Pissarro painted Le Jardin de Maubuisson, Pontoise on a balmy day in early spring 1881, when some of the trees had reached full leaf while others remained bare. He did not have to go far to find the motif that inspired this complex, carefully considered canvas. The Jardin de Maubuisson was a cluster of kitchen gardens that lay just behind his home at L’Hermitage, on the outskirts of Pontoise. The scene is a veritable catalogue of the visual pleasures that Pissarro found in this rural enclave, where local families cultivated cabbages, potatoes, and peas for sale at market. Two women stoop to tend a plot of land beneath cirrus clouds scudding across a bright blue sky; the pitched roofs of the cottages on the gently sloping rue du Haut de l’Hermitage peek through the thick vegetation, which rustles in a light breeze.
This painting–with its systematic color harmonies, uniformly small and controlled touch, and sophisticated, receding space–moreover reveals Pissarro’s mounting concern with the creation of a modern style that would transcend Impressionism, a project that he pursued in dialogue with Cézanne. “All of these [elements] suggest a fundamental questioning of the kind of painting normally associated with Impressionism, the plein-air sketch,” Richard Brettell has explained, “and a more complicated, highly mediated relationship with ‘reality’ than a simple optical one” (Pissarro and Pontoise: The Painter in a Landscape, New Haven, 1990, p. 184).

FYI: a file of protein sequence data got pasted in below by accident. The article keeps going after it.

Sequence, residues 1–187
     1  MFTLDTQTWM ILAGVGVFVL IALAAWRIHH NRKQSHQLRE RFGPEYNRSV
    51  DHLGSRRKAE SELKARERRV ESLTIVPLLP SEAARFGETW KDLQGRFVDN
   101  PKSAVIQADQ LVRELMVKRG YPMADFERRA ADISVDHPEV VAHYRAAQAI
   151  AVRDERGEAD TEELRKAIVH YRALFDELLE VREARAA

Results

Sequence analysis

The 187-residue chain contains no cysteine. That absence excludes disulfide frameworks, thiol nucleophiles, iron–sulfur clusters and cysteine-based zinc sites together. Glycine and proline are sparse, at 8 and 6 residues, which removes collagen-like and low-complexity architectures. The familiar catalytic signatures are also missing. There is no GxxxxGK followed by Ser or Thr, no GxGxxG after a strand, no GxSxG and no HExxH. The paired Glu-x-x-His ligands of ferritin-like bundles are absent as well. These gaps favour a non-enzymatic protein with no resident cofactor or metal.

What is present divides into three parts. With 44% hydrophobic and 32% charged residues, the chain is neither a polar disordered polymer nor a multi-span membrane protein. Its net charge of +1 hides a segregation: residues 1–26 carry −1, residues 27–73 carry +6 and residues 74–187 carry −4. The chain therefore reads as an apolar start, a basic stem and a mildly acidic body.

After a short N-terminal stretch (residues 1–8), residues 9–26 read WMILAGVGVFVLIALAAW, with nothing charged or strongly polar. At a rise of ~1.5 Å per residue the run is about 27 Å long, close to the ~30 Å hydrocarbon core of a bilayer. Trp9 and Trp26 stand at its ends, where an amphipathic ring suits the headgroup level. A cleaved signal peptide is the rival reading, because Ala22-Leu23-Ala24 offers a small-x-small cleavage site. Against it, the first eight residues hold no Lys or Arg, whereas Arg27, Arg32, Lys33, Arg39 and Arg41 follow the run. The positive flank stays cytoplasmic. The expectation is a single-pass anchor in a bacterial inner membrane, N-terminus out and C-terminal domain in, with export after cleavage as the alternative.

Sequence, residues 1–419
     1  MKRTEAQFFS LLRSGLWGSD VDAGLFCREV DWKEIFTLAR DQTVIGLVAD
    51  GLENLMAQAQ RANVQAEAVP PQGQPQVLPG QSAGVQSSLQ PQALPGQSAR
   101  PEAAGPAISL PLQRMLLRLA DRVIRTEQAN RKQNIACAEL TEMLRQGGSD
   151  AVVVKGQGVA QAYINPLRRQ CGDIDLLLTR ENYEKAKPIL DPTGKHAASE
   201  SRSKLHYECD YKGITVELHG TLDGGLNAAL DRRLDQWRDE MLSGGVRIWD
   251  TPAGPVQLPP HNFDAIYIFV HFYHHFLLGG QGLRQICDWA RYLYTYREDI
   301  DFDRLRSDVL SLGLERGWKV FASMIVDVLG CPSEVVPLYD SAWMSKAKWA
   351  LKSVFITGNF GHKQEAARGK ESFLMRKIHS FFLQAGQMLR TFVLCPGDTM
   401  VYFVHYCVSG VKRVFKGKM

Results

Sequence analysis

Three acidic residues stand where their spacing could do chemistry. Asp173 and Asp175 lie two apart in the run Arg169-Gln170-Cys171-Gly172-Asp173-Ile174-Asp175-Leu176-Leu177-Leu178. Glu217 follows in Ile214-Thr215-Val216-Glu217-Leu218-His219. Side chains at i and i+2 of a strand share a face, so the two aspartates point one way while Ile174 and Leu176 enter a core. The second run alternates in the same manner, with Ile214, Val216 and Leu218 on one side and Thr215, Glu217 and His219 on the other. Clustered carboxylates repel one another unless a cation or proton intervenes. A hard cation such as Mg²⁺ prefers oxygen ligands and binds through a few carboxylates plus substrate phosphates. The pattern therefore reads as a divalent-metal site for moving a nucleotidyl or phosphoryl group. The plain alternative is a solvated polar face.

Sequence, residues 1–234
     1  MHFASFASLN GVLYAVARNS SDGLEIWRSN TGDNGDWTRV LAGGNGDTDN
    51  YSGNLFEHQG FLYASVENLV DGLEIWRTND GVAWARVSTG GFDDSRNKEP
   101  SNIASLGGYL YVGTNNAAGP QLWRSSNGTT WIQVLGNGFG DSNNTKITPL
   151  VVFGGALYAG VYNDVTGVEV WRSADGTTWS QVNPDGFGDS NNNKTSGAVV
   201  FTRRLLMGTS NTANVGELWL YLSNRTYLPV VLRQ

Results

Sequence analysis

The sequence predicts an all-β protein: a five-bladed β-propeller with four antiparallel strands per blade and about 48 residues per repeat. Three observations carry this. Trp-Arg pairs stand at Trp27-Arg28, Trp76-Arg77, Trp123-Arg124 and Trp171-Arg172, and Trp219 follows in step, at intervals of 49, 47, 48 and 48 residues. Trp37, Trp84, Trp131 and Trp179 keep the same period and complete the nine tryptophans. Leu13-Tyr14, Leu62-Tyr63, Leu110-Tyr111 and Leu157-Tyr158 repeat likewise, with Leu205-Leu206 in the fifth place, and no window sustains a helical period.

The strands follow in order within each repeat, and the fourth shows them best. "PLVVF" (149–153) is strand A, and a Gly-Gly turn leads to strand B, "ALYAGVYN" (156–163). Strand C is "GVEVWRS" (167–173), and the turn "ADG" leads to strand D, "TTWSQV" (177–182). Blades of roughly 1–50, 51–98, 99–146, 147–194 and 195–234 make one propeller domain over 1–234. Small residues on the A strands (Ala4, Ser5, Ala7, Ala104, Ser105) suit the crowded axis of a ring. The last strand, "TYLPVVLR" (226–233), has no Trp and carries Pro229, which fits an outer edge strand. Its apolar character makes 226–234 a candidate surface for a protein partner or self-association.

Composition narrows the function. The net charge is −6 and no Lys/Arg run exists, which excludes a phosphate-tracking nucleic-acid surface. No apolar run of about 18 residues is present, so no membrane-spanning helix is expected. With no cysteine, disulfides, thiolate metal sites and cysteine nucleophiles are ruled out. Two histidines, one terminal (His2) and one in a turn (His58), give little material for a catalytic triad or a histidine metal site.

Pontoise, as the name implies, lies in a commanding position on the banks of the river Oise, at the edge of the Vexin plateau nineteen miles northwest of Paris. In Pissarro’s day, it was a central point for moving the regional grain harvest downriver by barge to the Seine and on to Paris, and it had been linked to the capital by rail as well since the early 1860s. When Pissarro first moved to the region in October 1866, he opted to settle at L’Hermitage, slightly north-east of the town center, rather than in bustling Pontoise itself. In April 1872, after a three-year stint at Louveciennes, he returned to Pontoise and rented a house near the public gardens in town; by the following year, however, he had returned to L’Hermitage, where he would remain until he departed the area for the last time in 1882. “It seems clear,” Brettell has written, “that Pissarro considered L’Hermitage rather than Pontoise itself his home” (ibid., p. 101).